Why Alexander Zverev is unlikely to win a Grand Slam this year
The young German Alexander Zverev is tipped by many to be a future Grand Slam champion. I don’t disagree with this notion, but I believe he is yet to adapt to the best of five sets format. There is evidence to prove this.
A string of early Slam exits
Last year at the Australian Open was when I first realised that the best of five set format is Zverev’s Achilles' heel. He was beaten in the fourth round by South Korea’s Hyeon Chung, which was considered a massive shock.
Zverev then toiled at the French Open, being forced to go to five sets by Dusan Lajovic, followed by Damir Džumhur and Karen Khachanov.
Although he made a maiden Grand Slam quarter-final, his struggles against players he was heavily favoured raised questions about why he kept disappointing on the bigger stages.
Whether it’s his concentration or endurance or simply his preference for shorter matches, it is difficult to know.
The exact same story happened at Wimbledon as Zverev nearly crashed out early to American Taylor Fritz in the second round before being stunned by Latvia’s Ernest Gulbis, who was outside the top 100.
At the US Open last year he lost in the third round to German Philipp Kohlschreiber, a player Zverev was highly fancied to beat.
Will the 2019 Australian Open be different?
Yesterday night’s match against Jeremy Chardy, when the Frenchman was up in the third set, I could almost tell it was a case of the same old story. Zverev survived in five sets, barely, but he could so easily have lost that match.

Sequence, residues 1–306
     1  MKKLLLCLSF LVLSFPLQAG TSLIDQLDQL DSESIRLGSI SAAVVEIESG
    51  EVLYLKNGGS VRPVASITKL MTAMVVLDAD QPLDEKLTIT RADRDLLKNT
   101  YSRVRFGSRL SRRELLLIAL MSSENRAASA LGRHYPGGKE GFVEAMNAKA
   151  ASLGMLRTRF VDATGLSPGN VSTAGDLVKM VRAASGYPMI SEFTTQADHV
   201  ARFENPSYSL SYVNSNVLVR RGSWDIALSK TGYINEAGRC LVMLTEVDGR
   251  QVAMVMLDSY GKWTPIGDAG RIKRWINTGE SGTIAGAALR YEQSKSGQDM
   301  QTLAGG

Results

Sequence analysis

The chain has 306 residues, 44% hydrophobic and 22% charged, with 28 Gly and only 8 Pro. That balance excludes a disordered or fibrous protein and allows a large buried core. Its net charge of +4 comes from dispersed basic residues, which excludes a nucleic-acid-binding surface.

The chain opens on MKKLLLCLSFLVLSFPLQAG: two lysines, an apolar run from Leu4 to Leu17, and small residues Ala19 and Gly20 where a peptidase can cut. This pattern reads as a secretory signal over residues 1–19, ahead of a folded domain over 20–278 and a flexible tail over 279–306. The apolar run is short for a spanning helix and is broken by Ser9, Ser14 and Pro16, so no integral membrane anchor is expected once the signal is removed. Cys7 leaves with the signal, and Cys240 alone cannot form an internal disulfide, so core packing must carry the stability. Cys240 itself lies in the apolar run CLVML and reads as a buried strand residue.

Next up is the young Australian Alex Bolt which on paper, Zverev should win easily. Except with Zverev, it's never simple.
Personally, I can’t see him getting to the semi-finals although as a number four seed he really should be going further than he has.
What about the other three Grand Slams?
Zverev may know how to dominate the best of three sets format and win Masters 1000s, but he has failed to deliver at the Grand Slams.
In winning the ATP Finals last year, Zverev showed his astounding talent as he overcame both Federer and Djokovic back to back. But we haven’t yet seen this tennis from Zverev at the Grand Slams.
Since he is still only 21 years old, I think it will take him slightly longer than we expect for him to figure it out.
Coach Lendl mentoring the young German
Near the end of the 2018 season, tennis legend Ivan Lendl joined Alexander Zverev's coaching team. It is said that Lendl was crucial in masterminding Zverev’s victories against Federer and Djokovic at the ATP Finals.
Of course, the Czech’s knowledge will be invaluable going forward. However, I think they will need this season as a transition and a learning curve to base success upon for next year.
Will 2020 bring his first Grand Slam?
Zverev won the Italian Open and Montreal Masters in 2017, followed by the Madrid Masters last year. I wouldn’t be surprised if he adds to his Masters collection this year, maybe winning one of Indian Wells and Miami or another claycourt Masters.
By Wimbledon next year, Zverev will be 23 years old. I'm willing to bet he would have accumulated enough experience by then to be in contention for his maiden Grand Slam.
Meanwhile the Olympics, played in a best-of-three format, again plays to his strengths.
It is Zverev's desire to win and be the best that makes him the best young player equipped to challenge the top four. But Zverev has work to do if he is to convince his doubters.